Japanese Prime Minister Shinzo Abe said on Wednesday his government would compile a stimulus package of more than $265 billion to reflate the flagging economy, media reported, though it is unclear how much will be spent to directly boost growth.
The premier's 28 trillion yen ($265.30 billion) stimulus package, which exceeds initial estimates of around 20 trillion yen, includes 13 trillion yen in "fiscal measures," Jiji reported. Those measures are likely to include spending by national and local governments, as well as loan programs.
Abe's announcement, via a speech in southern Japan, came earlier than expected and pressures the Bank of Japan to match his big spending plan with additional monetary easing at its closely-watched rate review ending on Friday.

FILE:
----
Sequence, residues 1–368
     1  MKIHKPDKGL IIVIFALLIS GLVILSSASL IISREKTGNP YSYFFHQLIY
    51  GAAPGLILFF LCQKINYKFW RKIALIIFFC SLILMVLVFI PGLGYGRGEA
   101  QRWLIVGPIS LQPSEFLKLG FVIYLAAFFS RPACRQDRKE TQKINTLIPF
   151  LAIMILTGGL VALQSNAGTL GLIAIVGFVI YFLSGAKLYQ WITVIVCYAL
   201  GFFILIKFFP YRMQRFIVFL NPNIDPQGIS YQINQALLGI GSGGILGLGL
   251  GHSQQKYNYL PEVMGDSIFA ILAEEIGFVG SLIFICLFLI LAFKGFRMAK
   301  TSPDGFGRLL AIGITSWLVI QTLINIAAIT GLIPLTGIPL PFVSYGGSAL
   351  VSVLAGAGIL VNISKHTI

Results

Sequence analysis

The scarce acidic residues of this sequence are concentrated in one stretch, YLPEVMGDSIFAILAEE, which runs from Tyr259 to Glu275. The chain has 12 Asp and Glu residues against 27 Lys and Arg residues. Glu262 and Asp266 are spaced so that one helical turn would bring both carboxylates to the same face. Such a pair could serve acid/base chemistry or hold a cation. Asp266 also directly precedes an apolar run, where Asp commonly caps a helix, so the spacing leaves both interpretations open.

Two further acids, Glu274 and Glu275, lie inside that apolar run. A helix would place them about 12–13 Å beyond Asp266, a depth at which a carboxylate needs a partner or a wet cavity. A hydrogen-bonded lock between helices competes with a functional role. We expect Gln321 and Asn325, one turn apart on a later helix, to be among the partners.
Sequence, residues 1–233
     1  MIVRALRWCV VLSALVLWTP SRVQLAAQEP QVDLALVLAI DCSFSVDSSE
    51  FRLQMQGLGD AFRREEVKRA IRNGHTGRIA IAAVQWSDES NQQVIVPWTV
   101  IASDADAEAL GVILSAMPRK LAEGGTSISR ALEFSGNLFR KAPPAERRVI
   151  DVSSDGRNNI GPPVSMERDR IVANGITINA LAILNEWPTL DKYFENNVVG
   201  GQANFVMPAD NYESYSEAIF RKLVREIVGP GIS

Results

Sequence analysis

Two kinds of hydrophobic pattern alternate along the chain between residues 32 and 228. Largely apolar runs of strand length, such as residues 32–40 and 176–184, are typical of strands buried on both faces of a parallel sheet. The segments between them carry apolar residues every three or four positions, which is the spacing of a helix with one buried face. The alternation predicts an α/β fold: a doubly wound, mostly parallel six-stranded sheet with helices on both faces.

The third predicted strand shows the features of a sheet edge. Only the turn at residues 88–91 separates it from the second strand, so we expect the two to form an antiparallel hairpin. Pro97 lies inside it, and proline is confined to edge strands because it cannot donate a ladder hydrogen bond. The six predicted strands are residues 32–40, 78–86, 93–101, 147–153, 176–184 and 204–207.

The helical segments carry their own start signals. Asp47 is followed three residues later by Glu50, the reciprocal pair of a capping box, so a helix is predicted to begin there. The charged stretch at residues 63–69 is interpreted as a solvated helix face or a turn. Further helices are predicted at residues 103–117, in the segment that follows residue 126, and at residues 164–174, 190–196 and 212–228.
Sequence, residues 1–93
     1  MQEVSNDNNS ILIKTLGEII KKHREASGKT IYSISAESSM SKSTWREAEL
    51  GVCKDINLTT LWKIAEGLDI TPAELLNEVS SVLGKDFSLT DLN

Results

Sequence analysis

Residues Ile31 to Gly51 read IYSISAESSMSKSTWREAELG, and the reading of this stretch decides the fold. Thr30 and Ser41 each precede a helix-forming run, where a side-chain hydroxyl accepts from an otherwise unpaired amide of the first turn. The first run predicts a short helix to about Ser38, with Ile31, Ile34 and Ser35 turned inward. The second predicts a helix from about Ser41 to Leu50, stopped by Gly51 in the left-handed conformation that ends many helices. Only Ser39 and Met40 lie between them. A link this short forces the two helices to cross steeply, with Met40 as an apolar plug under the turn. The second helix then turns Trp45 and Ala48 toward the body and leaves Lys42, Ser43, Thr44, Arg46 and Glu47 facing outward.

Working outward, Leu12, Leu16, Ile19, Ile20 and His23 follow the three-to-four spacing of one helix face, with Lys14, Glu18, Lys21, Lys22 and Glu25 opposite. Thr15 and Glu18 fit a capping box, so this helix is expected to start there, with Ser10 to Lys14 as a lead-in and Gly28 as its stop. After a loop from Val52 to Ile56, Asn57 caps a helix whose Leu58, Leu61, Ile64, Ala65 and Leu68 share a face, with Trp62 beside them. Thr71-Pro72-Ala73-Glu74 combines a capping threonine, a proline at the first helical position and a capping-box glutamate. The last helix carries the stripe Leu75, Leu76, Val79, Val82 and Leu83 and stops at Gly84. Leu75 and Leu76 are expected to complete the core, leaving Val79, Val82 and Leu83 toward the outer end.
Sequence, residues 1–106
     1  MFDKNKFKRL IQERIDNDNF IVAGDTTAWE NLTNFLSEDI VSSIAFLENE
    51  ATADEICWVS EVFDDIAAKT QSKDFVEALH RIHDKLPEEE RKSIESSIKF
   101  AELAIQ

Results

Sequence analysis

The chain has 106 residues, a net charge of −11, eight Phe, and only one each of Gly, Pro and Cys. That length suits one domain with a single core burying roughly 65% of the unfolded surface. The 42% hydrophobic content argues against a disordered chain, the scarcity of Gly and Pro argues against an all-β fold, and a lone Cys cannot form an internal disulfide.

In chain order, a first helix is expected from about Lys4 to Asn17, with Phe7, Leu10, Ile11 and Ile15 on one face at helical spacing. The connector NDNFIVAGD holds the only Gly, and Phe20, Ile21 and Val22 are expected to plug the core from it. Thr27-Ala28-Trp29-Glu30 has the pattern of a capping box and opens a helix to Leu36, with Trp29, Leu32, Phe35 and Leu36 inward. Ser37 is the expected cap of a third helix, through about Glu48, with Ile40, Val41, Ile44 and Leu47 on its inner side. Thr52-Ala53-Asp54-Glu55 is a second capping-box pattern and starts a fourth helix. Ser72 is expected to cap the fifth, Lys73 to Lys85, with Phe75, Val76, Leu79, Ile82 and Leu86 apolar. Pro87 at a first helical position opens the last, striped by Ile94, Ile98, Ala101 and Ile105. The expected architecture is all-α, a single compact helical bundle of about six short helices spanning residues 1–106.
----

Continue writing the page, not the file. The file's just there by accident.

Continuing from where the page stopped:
"The amount is so large that the stimulus package is bound to have a big economic impact. It is impossible to spend this much money in one extra budget, so this may take place over the next few years," said Hiroshi Miyazaki, senior economist at Mitsubishi UFJ Morgan Stanley Securities.
"The BOJ is likely to ease policy, including increasing government debt purchases, so you could say the BOJ can absorb the new debt. It also makes it easier to show that the BOJ and the government are working together."
Details of the package will be announced by the government next week, Abe was quoted by Jiji as saying.
Many central bank policymakers prefer to put off taking action as they expect the anticipated fiscal stimulus package, and a delay in implementing the next sales tax hike, to boost growth and brighten the prospects for hitting their 2 percent inflation target.